Every Monday, Kickstarter staff collect a few of our favorite, recently launched projects to share with the masses (we can't help it — we get excited!). You can check out our choices this week, below, but make sure to stop by our Discover page to find even more. So many good projects, so little time!
After working together for half a decade on Star Wars: The Old Republic, Alex Thomas, Arnie Jorgenson, and John Watson formed their own independent game studio so they could make the games they've always wanted to play. Their inaugural title Banner Saga combines elements of RPGs and adventure games with turn-based strategic combat, taking you deep into a mythic Viking world that's stylistically akin to the gorgeous animations of Sleeping Beauty. With an emphasis on story, Banner Saga is designed so that the decisions you make involve real risk and consequences, and that you're never just another pawn in someone else's narrative. All this, plus an impressive roster of rewards, makes Banner Saga hard to resist. — Cindy A.
Plan your Manhattan vacation for July folks, 'cause some seriously innovative theater will be peppering Lower East Side venues during this sweltering month's final week. You can also spot a performance at East River Park, and another along the streets of the Chelsea Meatpacking District, where the actors of Conni's Avant Garde Restaurant will be giving a neighborhood tour called Little West 12th Night, based on Shakespeare's Twelfth Night. There are too many goodies to share right here, so check out the video and description for a rundown (lectures! dance parties! a visiting troupe from Thailand! ), and snag tickets and special VIP party invites while you're at it. — Daniella J.
Exploring the lives of young transsexuals & drag queens in Puerto Rico, Mala Mala documents the experiences of young dualistic citizens in one of the only colonized territories still governed by the United States. With the artful hand and perceptive eye of emerging DP Adam Uhl, Puerto Rican native Antonio Santini and his directing partner Dan Sickles offer deeply intimate, provocative, and rich portraits of trans life in Puerto Rico, taking us on a journey to and through the in-between. A study of performance, gender, and self, Mala Mala introduces us to our beautifully complex world and a community never before seen on screen. The project looks pretty damn ambitious with flawless execution to boot! — Elisabeth H.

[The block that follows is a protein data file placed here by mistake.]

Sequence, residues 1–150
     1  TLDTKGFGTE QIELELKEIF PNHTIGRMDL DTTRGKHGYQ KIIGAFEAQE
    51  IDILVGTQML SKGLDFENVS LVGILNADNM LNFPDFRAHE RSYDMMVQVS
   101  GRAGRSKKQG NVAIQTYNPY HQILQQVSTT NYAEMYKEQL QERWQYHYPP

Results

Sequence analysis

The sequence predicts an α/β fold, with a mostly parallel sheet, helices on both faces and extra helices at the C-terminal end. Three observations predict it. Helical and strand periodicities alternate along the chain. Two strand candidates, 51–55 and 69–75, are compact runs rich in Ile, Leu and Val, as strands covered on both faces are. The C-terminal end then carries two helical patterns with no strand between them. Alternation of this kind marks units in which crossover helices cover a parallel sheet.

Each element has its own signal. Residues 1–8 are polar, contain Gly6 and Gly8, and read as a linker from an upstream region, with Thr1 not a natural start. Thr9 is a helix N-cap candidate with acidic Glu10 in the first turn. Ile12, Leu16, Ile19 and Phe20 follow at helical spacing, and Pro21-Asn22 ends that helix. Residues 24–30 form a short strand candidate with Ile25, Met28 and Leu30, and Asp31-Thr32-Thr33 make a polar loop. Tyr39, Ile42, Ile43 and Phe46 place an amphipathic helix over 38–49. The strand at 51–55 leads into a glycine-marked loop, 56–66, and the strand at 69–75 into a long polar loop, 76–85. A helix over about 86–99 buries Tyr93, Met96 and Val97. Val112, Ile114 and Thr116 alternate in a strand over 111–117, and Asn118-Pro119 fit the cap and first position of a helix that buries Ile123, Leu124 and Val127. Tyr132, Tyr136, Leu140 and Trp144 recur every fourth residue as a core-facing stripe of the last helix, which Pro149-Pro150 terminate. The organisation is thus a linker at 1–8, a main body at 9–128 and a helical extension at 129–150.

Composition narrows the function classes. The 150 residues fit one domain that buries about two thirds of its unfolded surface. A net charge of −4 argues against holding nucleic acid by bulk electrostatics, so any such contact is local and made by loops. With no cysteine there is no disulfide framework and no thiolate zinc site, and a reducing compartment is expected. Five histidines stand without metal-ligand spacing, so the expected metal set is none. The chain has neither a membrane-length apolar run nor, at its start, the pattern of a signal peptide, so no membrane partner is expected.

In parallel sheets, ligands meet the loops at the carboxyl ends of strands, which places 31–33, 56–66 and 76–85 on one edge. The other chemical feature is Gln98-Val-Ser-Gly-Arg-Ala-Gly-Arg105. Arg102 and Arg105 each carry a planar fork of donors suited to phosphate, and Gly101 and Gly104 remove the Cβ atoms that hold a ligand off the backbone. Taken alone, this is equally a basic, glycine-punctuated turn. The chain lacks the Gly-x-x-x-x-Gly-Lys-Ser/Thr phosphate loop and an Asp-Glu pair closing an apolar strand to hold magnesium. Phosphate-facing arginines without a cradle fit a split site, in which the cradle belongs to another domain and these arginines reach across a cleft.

Crap Hound is a zine series filled with images culled from vintage catalogs, ads, books, and found ephemera, and it has been around, and been loved, forever ("forever" in zine years equals " since the 90s"). Crap Hound is no stranger to Kickstarter, and this time they are back with a reprint of, and supplement to, Issue 6, the much-cherished "Death, Telephones, and Scissors!" That means 15 pages of scissor images, 24 pages of telephones, 5 new fonts, and last but certainly not least: 52 pages of DEATH. One for each week of the year! — Meagan O.
A project called Secret Prison #666 — color me intrigued! Described by creator Ian Harker as a "free art commix tabloid," Secret Prison is set to debut at MOCCA Arts fest this year. I can't really tell you anything else about the project, except that the video is a surreal trip through occult practices that happens to feature a cerberus-esque Elmo masque, pitch shifted mantras and the sacrifice of furies. Oh, and lots of blood. I could probably go on and on, but I'll let you explore for yourself. Let's just say, "It is awesome." — Mike M.
Every day I wake up thankful that I was born with a human head on my body. Unfortunately, the same cannot be said for Gus, the sadly fish-headed protagonist of The Marvelous Fish Man. The short film is the thesis work of Nisan Dag, a graduate student at Columbia University, and she and her crew are raising funds to create, among other things, the fish head itself. The Marvelous Fish Man tells the story of a boy who was abandoned at birth and picked up to be the star of a traveling freak show, and the film begins on the night Gus finally decides to escape. This sounds like the kind of thing that will probably make us cry with our human eyeballs. — Nicole H.
I was talking a walk this weekend while listening to this piece on NPR's Weekend Edition, strutting, loving the sun, totally grooving on the sounds, when I realized that the music (and documentary) under discussion were both — surprise! — attached to a Kickstarter project. Roy Germano's documentary is a loving exploration of the history, people, and places behind a unique style of music called son huasteco. The genre originates from the small, mountainous communities in the Huasteca region of Mexico, and is traditionally played by just three musicians — a dumb-founding fact when you consider its rapid, energetic tempo and its insanity-amazing-dancing-storm-crazy live shows, made all the more boisterous by the addition of a huge wooden platform (a tarima) where audience members stomp along with the rhythm. Seeing one of these shows in real life is on my bucket list, and this documentary makes me feel one step closer to making it happen. — Cassie M.